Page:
e 1,• , . . . , Z e n,• of Z e are i.i.d. MV N(0, C). Notice that that the rows Z [Y |β, λ, (γ, C)] ∝ |Jh (Y ; λ)| · |S(γ)|


= |Jh (Y ; λ)| · |S(γ)|






n Y j=1

  e j,•k2 −1 exp −0.5 · kZ C

  −1 e T e exp −0.5 · tr{C Z Z} .

We put a Wishart prior density on C −1 and assume that, a priori, C and (β, λ, γ) are independent, so that  [β, λ, γ, C −1 ] ∝ |∆|a |C −1 |a−(d+1)/2 exp −tr{∆C −1 } · [β, λ, γ],

where a > (d − 1)/2, ∆ ∈ Md , the space of d × d symmetric positive definite matrices, and tr(·) is the trace operator. This allows us to integrate C out of the joint posterior density analytically: Z

[Y |β, λ, (γ, C)] · [β, λ, γ, C −1 ]dC −1 Md Z   −1 e T e ∝ c(β, λ, γ) exp −tr{C (Z Z/2 + ∆)} |C −1 |a+(n−d−1)/2 dC −1

[β, λ, γ, Y ] =

Md T

e Z/2 e + ∆|−(a+n/2) ∝ c(β, λ, γ) · |Z

= [β, λ, γ] · |Jh (Y ; λ)| · |S(γ)|−d/2 · |Z T [S(γ)]−1 Z/2 + ∆|−(a+n/2) .

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Table 1: Parameter spaces and true parameter values, mean and (standard deviation) of Monte Carlo mean, mean and (standard deviation) of ratios of lengths of RBF to exact credible intervals, based on 1000 dataset replications and [β, λ, Y ] as the surface. The RBF approximations use, on average, 150 expensive function evaluations compared to 10,000 for the exact results.


MC mean domain true exact RBF β1 [7, 13] 10 10.0057 10.0061 (0.0866) (0.0893) β2 [0.02, 0.12] 0.07 0.07008 0.07008 (0.00097) (0.00101) β3 [.01, 3] 1 1.0005 1.0005 (0.0136) (0.0134) β4 [30.01, 30.295] 30.16 30.1610 30.1610 (0.0096) (0.0096) F (β) – 128.998 129.063 129.067 (1.087) (1.100)

ratio of lengths of cred. int.’s size 0.9 size 0.95 size 0.99 0.9969 0.9961 0.9844 (0.0602) (0.0624) (0.0738) 0.9910 0.9888 0.9687 (0.0592) (0.0612) (0.0673) 0.9671 0.9662 0.9604 (0.0785) (0.0765) (0.0750) 0.9786 0.9709 0.9403 (0.0779) (0.0818) (0.0835) 0.9959 0.9937 0.9841 (0.062) (0.0628) (0.0695)

Table 2: Observed probabilities of coverage with (standard errors) of symmetric credible intervals based on 1000 dataset replications and joint posterior density as the surface for MCMC. The RBF approximations use, on average, 150 expensive function evaluations compared to 10,000 for the exact results.

β1 33

β2 β3 β4 F (β)

size 0.9 cred. int. exact RBF 0.905 0.904 (0.009) (0.009) 0.908 0.903 (0.009) (0.009) 0.916 0.899 (0.009) (0.010) 0.904 0.909 (0.009) (0.009) 0.904 0.902 (0.009) (0.009)

size 0.95 exact 0.950 (0.007) 0.954 (0.007) 0.953 (0.007) 0.947 (0.007) 0.947 (0.007)

cred. int. RBF 0.944 (0.007) 0.951 (0.007) 0.954 (0.007) 0.945 (0.007) 0.937 (0.008)

size 0.99 exact 0.986 (0.004) 0.991 (0.003) 0.989 (0.003) 0.988 (0.003) 0.994 (0.002)

cred. int. RBF 0.990 (0.003) 0.987 (0.004) 0.988 (0.003) 0.987 (0.004) 0.980 (0.004)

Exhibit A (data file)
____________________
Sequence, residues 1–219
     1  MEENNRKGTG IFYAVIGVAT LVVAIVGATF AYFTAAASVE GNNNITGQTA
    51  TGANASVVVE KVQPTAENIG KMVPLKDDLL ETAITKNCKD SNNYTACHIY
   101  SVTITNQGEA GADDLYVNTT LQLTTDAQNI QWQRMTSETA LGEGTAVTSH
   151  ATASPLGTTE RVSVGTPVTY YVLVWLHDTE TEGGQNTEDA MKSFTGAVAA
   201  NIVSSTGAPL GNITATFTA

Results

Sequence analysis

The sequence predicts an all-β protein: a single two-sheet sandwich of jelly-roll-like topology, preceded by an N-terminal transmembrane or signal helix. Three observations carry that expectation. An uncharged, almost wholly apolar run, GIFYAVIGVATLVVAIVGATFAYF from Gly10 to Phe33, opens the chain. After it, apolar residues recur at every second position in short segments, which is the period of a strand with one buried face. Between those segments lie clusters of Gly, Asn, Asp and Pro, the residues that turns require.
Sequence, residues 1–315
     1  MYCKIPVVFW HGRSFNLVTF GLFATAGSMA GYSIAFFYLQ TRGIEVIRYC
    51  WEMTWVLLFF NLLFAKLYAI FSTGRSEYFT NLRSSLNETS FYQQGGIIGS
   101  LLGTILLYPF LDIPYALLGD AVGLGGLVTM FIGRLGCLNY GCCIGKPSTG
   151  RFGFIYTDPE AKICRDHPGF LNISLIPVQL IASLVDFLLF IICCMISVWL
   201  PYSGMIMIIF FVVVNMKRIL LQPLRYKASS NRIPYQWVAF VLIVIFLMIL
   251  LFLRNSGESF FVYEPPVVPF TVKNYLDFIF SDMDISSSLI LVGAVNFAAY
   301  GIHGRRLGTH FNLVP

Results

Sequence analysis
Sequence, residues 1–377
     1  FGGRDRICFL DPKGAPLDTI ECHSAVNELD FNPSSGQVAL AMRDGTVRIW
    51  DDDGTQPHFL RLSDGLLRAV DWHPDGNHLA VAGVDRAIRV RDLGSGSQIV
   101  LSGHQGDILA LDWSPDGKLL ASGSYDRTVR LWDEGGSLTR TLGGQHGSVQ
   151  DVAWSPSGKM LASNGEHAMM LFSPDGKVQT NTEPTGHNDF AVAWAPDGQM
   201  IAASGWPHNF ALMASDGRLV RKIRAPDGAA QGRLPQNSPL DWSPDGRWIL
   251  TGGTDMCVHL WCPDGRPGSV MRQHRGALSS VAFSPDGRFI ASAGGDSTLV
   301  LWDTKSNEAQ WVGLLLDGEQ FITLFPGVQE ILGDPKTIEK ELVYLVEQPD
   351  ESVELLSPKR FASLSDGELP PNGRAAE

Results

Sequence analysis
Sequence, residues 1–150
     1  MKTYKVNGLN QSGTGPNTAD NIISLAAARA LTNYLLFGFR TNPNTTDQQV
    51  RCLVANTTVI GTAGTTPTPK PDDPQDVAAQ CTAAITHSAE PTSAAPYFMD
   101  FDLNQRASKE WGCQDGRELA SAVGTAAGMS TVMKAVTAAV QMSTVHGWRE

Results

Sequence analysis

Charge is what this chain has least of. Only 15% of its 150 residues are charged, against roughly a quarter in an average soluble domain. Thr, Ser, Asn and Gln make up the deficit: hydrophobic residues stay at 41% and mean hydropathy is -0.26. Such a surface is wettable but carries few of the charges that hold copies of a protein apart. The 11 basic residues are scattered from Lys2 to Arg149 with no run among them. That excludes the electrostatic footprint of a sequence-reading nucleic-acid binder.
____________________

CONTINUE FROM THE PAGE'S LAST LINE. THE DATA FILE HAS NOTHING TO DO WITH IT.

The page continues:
List of Figures 1


Interpolated pairwise differences between sample quantiles of β i based on MCMC samples from each approximate posterior surface and the respective sample quantiles of β i based on an MCMC run using the exact joint posterior surface (ordinate) against the sample quantiles of β i based on an MCMC run using the exact joint posterior surface (abscissa). All plots are of the form (approximate minus exact) vs exact quantiles for the RBF approximations to the joint posterior (*), profile posterior with (+) and without (o) the Laplace correction and pseudoposterior (∆) densities. Markers are placed at the (−0.05 + 0.1 · j)th sample quantiles for j = 1, 2, . . . , 10. These RBF apbR (0.1) and |BE | = 30. proximations for a single representative dataset use C MCMC run length is 30,000. . . . . . . . . . . . . . . . . . . . . . . . . . . . Interpolated pairwise differences between sample quantiles of F (β) based on MCMC samples from each approximate posterior surface and the respective sample quantiles of F (β) based on an MCMC run using the exact joint posterior surface (ordinate) against the sample quantiles of F (β) based on an MCMC run using the exact joint posterior surface (abscissa). Markers are placed at the (−0.025 + 0.05 · j)th sample quantiles for j = 1, 2, . . . , 20. The dataset, exact and RBF surfaces and samples BM , as well as the plot identifiers, are the same as in Figure 1. . . . . . . . . . . . . . . . . . . . . . . . .





30.14 30.12









−2 0.965


x 10 4
























x 10





3 0.01


x 10


0.067 0.068 0.069






0.071 0.072


Figure 1: Interpolated pairwise differences between sample quantiles of β i based on MCMC samples from each approximate posterior surface and the respective sample quantiles of β i based on an MCMC run using the exact joint posterior surface (ordinate) against the sample quantiles of β i based on an MCMC run using the exact joint posterior surface (abscissa). All plots are of the form (approximate minus exact) vs exact quantiles for the RBF approximations to the joint posterior (*), profile posterior with (+) and without (o) the Laplace correction and pseudoposterior (∆) densities. Markers are placed at the (−0.05 + 0.1 · j)th sample quantiles for j = 1, 2, . . . , 10. These RBF approximations for a single bR (0.1) and |BE | = 30. MCMC run length is 30,000. representative dataset use C











129 F(β)




Figure 2: Interpolated pairwise differences between sample quantiles of F (β) based on MCMC samples from each approximate posterior surface and the respective sample quantiles of F (β) based on an MCMC run using the exact joint posterior surface (ordinate) against the sample quantiles of F (β) based on an MCMC run using the exact joint posterior surface (abscissa). Markers are placed at the (−0.025 + 0.05 · j)th sample quantiles for j = 1, 2, . . . , 20. The dataset, exact and RBF surfaces and samples BM , as well as the plot identifiers, are the same as in Figure 1.